Author: Ron Graham
What God Says About Divorce
—Part 2, Paul’s Solution in 1Corinthians 6 and 7
Throughout the ages sexual immorality and a high rate of divorce has been a constant problem for mankind, causing much suffering and loss, and much offence to God. This was true in old testament times. It was true in the time of Jesus and his apostles. It remains true in Australian society today...
1 Paul’s Solution
Fortunately we have a passage from Paul that can show a way to deal with this mess. In this passage...
1Corinthians 6:9-20, 1Corinthians 7:1-16
- Paul condemns their previous fornication and adultery.
- He commends them to marriage in preference to celibacy.
- He counsels avoidance of fornication.
- He counsels all possible avoidance of divorce.
2 Fornication is the Problem
When Paul wrote to the Corinthians, he described the immoral way they used to live before becoming Christians...
- First he warned them, "Don't you know that the unrighteous will not inherit the kingdom of God? Do not be deceived." (1Corinthians 6:9).
- Then he describes unrighteous persons, including among them "fornicators" and "adulterers" (1Corinthians 6:9).
- Next he says, "And such were some of you." (1Corinthians 6:11). [Take note of that: some of the Christians in Corinth had been adulterers.]
Paul has a couple of significant things to say about sexual immorality...
- He teaches that, even outside of marriage, sexual intercourse between two persons causes them to "become one flesh" (1Corinthians 6:16). In other words there is no such thing as a “casual” sexual union.
- In view of this, Paul urges them to "flee fornication" (1Corinthians 6:18).
3 Marriage is the Answer
Paul now (in chapter 7) talks about celibacy, marriage, and divorce...
- Paul expresses respect for celibacy. "It is good for a man not to touch a woman" (1Corinthians 7:1). However he does not commend it as a solution to sexual immorality.
- He prescribes marriage as the solution. "Because of sexual immorality, let each man have his own wife and each woman her own husband" (1Corinthians 7:3).
- Within the marriage Paul commands that sexual intercourse should not be prohibited, and whilst abstinence is permitted it is not commanded or even recommended. "Do not deprive one another" (1Corinthians 7:3-6).
- Paul says that the unmarried should be permitted to marry, not forbidden to marry (1Corinthians 7:9, cf 1Timothy 4:2-3). We should note, however, that Paul applies this principle specifically to virgins and widows (1Corinthians 7:25,39). He does not apply it to divorced persons. That's because a divorced person is not in all cases regarded by the Lord as "unmarried".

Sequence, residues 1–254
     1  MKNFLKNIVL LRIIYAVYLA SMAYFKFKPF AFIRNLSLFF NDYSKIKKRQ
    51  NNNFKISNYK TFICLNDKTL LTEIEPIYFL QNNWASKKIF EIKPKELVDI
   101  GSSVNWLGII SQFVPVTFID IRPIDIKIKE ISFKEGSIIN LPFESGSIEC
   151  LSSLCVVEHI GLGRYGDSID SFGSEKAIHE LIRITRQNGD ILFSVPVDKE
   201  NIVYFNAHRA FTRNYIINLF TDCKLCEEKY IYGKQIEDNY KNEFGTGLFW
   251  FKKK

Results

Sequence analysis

- Paul says that the married should remain together, not be separated or divorced (1Corinthians 7:10). If separation is unavoidable, there should be neither divorce nor remarriage, but rather seeking for reconciliation (1Corinthians 7:10-14).
- If one’s partner willfully and wrongly breaks the marriage, one may have to to acknowledge with regret that the marriage is ended. However one should in no way encourage that result (1Corinthians 7:15-16).
You can see clearly, in this lengthy passage, how Paul’s teaching encourages marriage, doesn't recommend celibacy, and frowns upon divorce. His teaching matches what we quoted earlier in Hebrews, "Marriage is honourable among all and the bed undefiled". (Hebrews 4:13).
Are There “Scriptural Grounds for Divorce”?
In considering what God says about divorce, we perhaps should consider what God does not say. Much debate and division over marriage and divorce hinges on the notion of “a scriptural divorce”.
I've seen articles and sermons on divorce that start by deploring it, then go on to encourage it, and finish up demanding it. This is because of the belief that, in certain circumstances, there are “scriptural grounds for divorce”.
Jesus spoke to the Scribes and Pharisees (religious lawyers) who thought there were grounds for divorce. Jesus told them that the grounds on which Moses permitted divorce was "the hardness of your hearts" (Matthew 19:1-8).
They could invent "some indecency" (Deuteronomy 24:1-3) to justify themselves, but God saw only their hardness of heart, and he hated their divorces (Malachi 2:16).
What About Jesus’s Exception?
Some teachers argue that when Jesus said, "except for unchastity" (Matthew 19:8) he thereby gave “scriptural grounds for divorce”.
However, Jesus was simply indicating that a person who gets divorced will commit adultery in consummating a new marriage, except when adultery (unchastity in marriage) has preceded the divorce. In one case there is divorce followed by adultery. In the other case there is adultery followed by divorce. Jesus approves of neither.
Divorce and adultery are both wrong regardless of which comes first. No amount of reasoning can make out of Jesus’s statement a right to divorce and remarry.
Is Divorce Ever Right?
Jesus makes it plain that nobody has the right to break up a marriage. "What God has joined together let no man put asunder" (Matthew 19:6). Man can certainly put asunder a marriage, but "no man" has any approval from Jesus do it.
Circumstances can arise where you have no option but to go through a divorce. This doesn't mean that you have to like it or think it is right or believe there are “scriptural grounds” for it. You can hate it, you can think it is wrong, and you can believe it has no valid grounds.
Only God should separate those he has joined together. No man should. Yet many do. And what they do can't be undone. If you are a victim of this wrong, you have no choice but to deeply regret it; go though it with dignity; accept that your marriage was put asunder by man, leaving you now unmarried; and quietly get on with your life.